A high-level US Justice Department official is warning connected cars may be “used by rogue nation states to commit murder”, so the American government is telling driverless car manufacturers to prioritise cybersecurity.
It says otherwise, they risk “coming under attack from cybercriminals and hackers”.
The International Business Times and Bloomberg quote John Carlin, US assistant attorney general for national security as saying, “we’ve seen rogue nation states try to assassinate those that do not share their beliefs. If they were able to do it remotely through a car, I don’t see why they consider that a safe zone. There is no internet-connected system where you can build a wall that’s high enough or deep enough to keep a dedicated nation-state adversary or a sophisticated criminal group out of the system.”
Carlin is further quoted as saying that government agencies and large firms are still in the “early days” of adapting towards driverless car technology and remain “very unsettled” by the uncertainty these changes are causing. “This will be the next battlefront,” he said. “Right now what we have is this combination of carrots and sticks, and there’s not a one-size-fits-all protocol that’s been mandated by statute.”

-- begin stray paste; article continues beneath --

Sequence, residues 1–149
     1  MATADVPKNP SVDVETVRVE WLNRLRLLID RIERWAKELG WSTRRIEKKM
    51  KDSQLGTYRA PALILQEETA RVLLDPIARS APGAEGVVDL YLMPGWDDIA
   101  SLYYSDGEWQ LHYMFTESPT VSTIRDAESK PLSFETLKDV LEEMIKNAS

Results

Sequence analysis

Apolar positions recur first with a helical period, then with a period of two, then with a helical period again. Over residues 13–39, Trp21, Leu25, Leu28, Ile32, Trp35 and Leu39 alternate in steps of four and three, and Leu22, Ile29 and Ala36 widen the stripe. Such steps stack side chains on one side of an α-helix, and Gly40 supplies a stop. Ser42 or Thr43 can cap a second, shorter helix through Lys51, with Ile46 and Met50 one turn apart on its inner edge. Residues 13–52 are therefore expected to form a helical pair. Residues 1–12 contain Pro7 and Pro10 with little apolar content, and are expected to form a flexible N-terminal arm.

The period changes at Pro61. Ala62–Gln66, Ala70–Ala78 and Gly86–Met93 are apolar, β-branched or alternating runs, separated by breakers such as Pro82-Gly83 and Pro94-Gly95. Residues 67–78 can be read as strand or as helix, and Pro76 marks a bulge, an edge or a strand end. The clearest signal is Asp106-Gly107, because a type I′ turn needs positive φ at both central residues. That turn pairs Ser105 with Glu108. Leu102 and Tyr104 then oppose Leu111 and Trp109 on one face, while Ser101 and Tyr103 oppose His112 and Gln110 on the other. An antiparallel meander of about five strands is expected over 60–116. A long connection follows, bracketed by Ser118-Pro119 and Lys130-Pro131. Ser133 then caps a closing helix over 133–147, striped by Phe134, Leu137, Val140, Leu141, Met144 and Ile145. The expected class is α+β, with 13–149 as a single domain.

He pointed to recent hacks of connected cars, adding that the frequency of hackers attempting to attack internet-connected cars is only going to rise and warning that nation states will inevitably be interested in such activity. “If you were able to do something that could affect a large scale of an industry – like 100,000 cars – you could see that being in the arsenal of a nation-state’s tool kit as a new form of warfare.”